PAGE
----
A statement issued by the "Society of demobilized officers" expressed rejection of Al-Maliki's call for the officers to join the army, saying that "it is an army of collaborators with the occupation," as "armies around the world are founded to fight invaders and not to cooperate with them to perpetuate the occupation."

     

    This statement was distributed in several areas in Baghdad. It was also hung on walls in Al-Fallujah, Al-Ramadi, Samarra, and Mosul in northern Iraq. It is known that most officers of the former army hailed from these areas.

     

    According to the statement, the officers set conditions for joining the army. Among these conditions were setting a timetable for the departure of the occupation troops from Iraq provided that this timetable does not exceed six months, dismantling the current army and restructuring it based on former structures and hierarchies, and sending the current army's senior officers charged with crimes against civilians to neutral international or Iraqi courts.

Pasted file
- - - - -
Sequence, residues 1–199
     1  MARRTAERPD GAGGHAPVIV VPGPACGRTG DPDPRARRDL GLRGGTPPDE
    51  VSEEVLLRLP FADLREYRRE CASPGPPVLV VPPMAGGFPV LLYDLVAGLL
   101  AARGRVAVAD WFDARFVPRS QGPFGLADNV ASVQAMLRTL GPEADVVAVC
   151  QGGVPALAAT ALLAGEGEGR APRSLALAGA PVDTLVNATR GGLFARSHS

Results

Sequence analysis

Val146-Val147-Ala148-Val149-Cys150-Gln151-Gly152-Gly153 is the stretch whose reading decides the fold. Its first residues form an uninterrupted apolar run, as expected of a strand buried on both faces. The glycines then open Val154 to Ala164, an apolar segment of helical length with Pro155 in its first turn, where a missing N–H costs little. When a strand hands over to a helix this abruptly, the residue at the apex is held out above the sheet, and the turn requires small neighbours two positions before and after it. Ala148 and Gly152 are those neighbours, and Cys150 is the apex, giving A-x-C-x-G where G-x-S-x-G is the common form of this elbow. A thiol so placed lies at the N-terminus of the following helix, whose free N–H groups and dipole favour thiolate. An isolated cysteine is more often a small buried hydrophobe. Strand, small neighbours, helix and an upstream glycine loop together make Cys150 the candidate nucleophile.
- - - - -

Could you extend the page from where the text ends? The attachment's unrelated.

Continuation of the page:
It is worth noting that Iraqi Prime Minister Nuri al-Maliki, called, during the inauguration of the national reconciliation conference yesterday, Saturday, on officers of the former army to join the ranks of the current army, as part of the efforts being made by the government to put an end to violence in Iraq.

     

     

     

    http://www.iraqupdates.com/p_articles.php/article/12720


  13. I'm not sure ALL officers are wanted back but this sounds like amnesty will be granted to senior generals in the Republican guard on down to those officers who physically carried out Saddams orders, even if his orders were deemed to be lawfull or not;

     

    Maliki calls on Saddam officers to return to army